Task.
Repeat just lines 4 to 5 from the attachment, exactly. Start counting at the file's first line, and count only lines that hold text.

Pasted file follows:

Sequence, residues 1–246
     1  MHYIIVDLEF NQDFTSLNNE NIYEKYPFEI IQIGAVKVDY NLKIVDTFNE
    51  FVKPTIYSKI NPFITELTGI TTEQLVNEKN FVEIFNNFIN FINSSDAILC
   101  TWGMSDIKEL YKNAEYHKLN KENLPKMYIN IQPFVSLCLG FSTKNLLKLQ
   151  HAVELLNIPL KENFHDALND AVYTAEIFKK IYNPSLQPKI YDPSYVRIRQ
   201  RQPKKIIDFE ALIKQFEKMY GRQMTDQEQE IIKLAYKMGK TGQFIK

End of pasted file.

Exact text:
   101  TWGMSDIKEL YKNAEYHKLN KENLPKMYIN IQPFVSLCLG FSTKNLLKLQ
   151  HAVELLNIPL KENFHDALND AVYTAEIFKK IYNPSLQPKI YDPSYVRIRQ